What is the reason behind mapa having an el in the begginnging when mapa is feminine?
I found this on the net for you, muy interesante no?
The correct form is “el mapa”. Originally, the word comes from the medieval Latin expression “mappa mundi”, where “mappa” refers to “napkin” or “canvas”, as the material maps were painted on. Even though “mappa” is a feminine noun, “mappa mundi” (map of the world) was lexicalised in Spanish as a masculine noun, and “mapa” is an abbreviation of that expression, retaining the masculine gender.
Hi amyloves2boo ,One of the hardest things for people to get used to when learning Spanish is the idea that nouns (people, places, animals, things, ideas, and feelings) have a gender (male, female). There is always a question of "How can a table be feminine? and "How can a a book be masculine?" This doesn´t mean that the table or the book is physically feminine or masculine, but in a grammatical sense, the ending is. Below you will find a quick rundown of how to deal with all the gender confusion and a few easy ways to remember all the exceptions.
check this thread it will help you a lot Gender (masculine, feminine)
There is a generals rule that words ending with an a are feminine and words ending in o are masculine which is true the majority of the time but there are exceptions for both.
For instance el agua is masculine and la mano is feminine.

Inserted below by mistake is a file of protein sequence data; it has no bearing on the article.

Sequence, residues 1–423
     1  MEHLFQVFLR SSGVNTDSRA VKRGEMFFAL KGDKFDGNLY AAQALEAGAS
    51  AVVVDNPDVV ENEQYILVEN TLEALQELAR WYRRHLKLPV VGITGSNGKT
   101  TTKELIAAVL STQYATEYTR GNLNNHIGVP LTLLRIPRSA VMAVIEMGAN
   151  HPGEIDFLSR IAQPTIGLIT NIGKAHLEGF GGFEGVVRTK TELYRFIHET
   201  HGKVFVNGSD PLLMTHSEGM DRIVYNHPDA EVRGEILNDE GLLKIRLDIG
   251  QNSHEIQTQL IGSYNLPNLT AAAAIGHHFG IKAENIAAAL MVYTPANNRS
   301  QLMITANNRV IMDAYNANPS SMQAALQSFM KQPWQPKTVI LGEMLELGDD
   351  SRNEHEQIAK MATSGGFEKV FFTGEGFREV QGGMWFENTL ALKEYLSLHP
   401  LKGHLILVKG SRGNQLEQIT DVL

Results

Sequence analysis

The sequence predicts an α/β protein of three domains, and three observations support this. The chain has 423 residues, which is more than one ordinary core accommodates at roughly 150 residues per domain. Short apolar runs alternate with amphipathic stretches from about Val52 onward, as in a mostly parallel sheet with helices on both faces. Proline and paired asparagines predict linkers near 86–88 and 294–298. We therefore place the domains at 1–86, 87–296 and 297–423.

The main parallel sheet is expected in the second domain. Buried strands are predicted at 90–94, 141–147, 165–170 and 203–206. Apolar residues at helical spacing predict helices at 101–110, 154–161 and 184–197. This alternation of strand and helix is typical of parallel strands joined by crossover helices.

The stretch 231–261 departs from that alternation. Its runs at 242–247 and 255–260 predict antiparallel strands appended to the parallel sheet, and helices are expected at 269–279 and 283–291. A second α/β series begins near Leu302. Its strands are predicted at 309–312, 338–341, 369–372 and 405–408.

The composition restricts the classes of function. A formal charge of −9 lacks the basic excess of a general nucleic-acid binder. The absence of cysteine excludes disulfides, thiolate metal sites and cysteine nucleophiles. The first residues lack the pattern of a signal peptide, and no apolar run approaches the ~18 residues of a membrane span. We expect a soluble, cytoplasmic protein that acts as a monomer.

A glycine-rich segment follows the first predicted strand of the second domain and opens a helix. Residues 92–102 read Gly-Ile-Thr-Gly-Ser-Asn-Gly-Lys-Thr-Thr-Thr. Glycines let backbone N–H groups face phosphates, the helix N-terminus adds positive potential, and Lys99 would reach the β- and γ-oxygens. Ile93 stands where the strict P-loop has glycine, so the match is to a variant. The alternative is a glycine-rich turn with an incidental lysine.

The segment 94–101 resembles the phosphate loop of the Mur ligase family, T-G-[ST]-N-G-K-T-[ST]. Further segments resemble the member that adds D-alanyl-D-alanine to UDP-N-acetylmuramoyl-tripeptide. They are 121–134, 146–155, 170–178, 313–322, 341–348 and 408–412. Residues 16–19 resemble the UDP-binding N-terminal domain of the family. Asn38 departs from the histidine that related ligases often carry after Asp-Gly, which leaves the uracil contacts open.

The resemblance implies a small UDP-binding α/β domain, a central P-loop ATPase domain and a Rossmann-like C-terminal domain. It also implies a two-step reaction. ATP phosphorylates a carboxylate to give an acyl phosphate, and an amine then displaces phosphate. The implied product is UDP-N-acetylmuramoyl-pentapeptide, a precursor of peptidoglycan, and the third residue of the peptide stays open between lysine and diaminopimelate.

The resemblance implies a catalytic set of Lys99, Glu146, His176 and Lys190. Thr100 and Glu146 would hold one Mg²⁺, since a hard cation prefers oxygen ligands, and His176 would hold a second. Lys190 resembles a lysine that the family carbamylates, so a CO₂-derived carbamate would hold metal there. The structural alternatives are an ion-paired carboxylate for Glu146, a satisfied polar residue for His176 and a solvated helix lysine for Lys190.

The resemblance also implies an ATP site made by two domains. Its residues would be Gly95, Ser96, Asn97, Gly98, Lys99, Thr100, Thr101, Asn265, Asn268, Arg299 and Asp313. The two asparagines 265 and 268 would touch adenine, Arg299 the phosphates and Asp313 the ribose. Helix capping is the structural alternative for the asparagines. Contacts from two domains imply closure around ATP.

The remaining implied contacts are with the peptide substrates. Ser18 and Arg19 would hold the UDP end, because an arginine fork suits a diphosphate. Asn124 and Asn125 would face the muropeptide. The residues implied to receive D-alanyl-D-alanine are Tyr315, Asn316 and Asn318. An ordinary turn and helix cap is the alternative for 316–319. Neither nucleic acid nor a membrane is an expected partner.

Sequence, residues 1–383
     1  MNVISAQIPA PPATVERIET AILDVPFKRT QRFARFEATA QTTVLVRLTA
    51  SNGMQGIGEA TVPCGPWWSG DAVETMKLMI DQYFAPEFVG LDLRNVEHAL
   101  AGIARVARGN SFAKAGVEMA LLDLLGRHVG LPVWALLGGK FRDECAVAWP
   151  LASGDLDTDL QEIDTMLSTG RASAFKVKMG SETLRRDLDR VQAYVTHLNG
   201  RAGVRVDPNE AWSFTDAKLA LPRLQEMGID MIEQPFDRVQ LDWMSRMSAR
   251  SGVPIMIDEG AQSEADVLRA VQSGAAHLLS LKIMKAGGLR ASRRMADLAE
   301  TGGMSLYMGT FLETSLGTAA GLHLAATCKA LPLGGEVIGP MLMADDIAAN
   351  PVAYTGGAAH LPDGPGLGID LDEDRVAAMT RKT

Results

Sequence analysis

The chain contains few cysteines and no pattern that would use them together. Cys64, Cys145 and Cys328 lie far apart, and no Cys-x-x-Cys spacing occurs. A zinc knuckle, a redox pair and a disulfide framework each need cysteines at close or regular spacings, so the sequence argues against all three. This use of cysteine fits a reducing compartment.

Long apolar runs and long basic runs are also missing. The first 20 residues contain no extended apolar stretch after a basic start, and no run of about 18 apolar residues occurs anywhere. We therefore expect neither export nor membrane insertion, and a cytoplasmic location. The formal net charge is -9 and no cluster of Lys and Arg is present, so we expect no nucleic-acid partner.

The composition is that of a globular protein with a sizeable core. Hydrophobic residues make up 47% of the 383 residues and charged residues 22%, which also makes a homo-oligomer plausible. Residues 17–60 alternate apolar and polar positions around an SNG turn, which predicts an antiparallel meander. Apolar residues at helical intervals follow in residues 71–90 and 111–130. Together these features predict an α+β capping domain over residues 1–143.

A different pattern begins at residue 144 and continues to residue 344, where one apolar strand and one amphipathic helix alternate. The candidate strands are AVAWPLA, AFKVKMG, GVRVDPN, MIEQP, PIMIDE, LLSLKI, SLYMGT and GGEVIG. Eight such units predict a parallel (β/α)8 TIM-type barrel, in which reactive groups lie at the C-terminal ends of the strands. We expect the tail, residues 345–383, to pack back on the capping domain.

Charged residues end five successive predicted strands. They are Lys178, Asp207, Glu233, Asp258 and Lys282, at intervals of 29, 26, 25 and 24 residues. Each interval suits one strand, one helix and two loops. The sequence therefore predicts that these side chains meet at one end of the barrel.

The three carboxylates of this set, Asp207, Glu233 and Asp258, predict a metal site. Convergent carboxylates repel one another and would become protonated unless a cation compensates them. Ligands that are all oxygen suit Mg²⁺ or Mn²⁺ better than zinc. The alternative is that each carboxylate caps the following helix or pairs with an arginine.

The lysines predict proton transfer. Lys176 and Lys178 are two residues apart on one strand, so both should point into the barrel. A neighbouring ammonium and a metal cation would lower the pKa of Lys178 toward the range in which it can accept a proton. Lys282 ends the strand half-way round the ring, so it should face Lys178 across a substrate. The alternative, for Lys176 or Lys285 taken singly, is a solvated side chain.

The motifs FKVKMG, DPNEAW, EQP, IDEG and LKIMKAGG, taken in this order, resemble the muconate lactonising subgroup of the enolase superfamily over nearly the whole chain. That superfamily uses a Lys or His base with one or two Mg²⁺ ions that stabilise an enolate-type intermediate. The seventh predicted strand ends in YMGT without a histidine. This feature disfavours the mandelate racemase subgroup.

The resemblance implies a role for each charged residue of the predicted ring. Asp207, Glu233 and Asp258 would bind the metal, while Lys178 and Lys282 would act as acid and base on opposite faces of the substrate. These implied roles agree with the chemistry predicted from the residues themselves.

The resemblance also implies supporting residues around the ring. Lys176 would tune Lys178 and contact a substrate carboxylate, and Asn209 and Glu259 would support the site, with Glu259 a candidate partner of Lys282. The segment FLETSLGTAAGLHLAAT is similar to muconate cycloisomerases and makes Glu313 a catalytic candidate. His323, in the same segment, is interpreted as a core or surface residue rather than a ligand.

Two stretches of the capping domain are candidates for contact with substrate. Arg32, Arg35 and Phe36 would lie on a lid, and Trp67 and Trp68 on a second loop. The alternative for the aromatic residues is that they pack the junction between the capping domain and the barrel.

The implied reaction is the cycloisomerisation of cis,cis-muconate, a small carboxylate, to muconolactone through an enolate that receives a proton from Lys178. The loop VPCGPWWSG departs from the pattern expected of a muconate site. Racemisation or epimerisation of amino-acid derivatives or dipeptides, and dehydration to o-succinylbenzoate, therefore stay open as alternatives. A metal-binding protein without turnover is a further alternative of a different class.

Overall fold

Rules are meant to be broken.
The short answer is that mapa is masculine, not feminine. There are some masculine nouns that end with an -A. They're just exceptions to the rule, for a variety of reasons.
This masculine/feminine thing and the agreement of articles with their nouns has been an Achille's heel for me. I am SLOWLY working through my frustration at so often getting it wrong. In conversation, especially, it seems that I grab the wrong article, even when the noun obviously ends in an A or an O.
Here's where I am with this now and why spanishdict.com is so great...
If you go to the flashcards or take any of the tests associated with the lessons, you will learn that the scoring is very unforgiving. You have to get the answer EXACTLY correct, including matching article and all appropriate accents (or tildes).
As I was having problems remembering "LA girafa" one day, it occurred to me that when they are young, Spanish speaking people learn their nouns TOGETHER with the appropriate article. Therefore, it only sounds right to them that way. In English, we learn only the noun, because we have neutral articles, so who cares?
This creates a block in the English speaker's mind. The article becomes an extra, separate thing to learn in addition to the noun, and that makes it frustrating, feeling like double the work, doubling the chance that you get it wrong.
In learning this new language, we have to learn a different way to learn, too.
So, the answer, in my experience, is to learn the article and noun TOGETHER, as one concept, as we do in spanishdict.com. Most of the time, it makes sense (la girafa), but in the cases where there are e endings or inconsistencies in the rule, I now have an easier time accepting "it is what it is."